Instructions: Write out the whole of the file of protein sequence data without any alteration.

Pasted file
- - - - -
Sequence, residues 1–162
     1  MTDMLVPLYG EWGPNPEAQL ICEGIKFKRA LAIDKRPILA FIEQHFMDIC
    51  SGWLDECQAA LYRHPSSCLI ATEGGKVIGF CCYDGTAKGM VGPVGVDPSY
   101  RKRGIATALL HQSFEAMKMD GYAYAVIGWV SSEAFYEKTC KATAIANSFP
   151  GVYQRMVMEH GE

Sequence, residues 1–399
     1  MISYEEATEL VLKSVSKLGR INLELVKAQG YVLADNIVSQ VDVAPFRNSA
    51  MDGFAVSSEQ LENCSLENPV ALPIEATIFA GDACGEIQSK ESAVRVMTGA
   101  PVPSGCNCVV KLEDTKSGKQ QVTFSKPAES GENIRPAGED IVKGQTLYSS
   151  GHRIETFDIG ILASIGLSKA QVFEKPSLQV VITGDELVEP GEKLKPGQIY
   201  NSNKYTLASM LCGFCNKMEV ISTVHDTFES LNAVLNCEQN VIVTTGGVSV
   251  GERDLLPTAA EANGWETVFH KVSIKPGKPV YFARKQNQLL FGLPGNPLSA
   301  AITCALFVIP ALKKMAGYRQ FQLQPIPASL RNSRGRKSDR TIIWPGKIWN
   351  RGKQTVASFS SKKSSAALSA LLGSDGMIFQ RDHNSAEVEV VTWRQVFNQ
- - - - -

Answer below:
Sequence, residues 1–162
     1  MTDMLVPLYG EWGPNPEAQL ICEGIKFKRA LAIDKRPILA FIEQHFMDIC
    51  SGWLDECQAA LYRHPSSCLI ATEGGKVIGF CCYDGTAKGM VGPVGVDPSY
   101  RKRGIATALL HQSFEAMKMD GYAYAVIGWV SSEAFYEKTC KATAIANSFP
   151  GVYQRMVMEH GE

Sequence, residues 1–399
     1  MISYEEATEL VLKSVSKLGR INLELVKAQG YVLADNIVSQ VDVAPFRNSA
    51  MDGFAVSSEQ LENCSLENPV ALPIEATIFA GDACGEIQSK ESAVRVMTGA
   101  PVPSGCNCVV KLEDTKSGKQ QVTFSKPAES GENIRPAGED IVKGQTLYSS
   151  GHRIETFDIG ILASIGLSKA QVFEKPSLQV VITGDELVEP GEKLKPGQIY
   201  NSNKYTLASM LCGFCNKMEV ISTVHDTFES LNAVLNCEQN VIVTTGGVSV
   251  GERDLLPTAA EANGWETVFH KVSIKPGKPV YFARKQNQLL FGLPGNPLSA
   301  AITCALFVIP ALKKMAGYRQ FQLQPIPASL RNSRGRKSDR TIIWPGKIWN
   351  RGKQTVASFS SKKSSAALSA LLGSDGMIFQ RDHNSAEVEV VTWRQVFNQ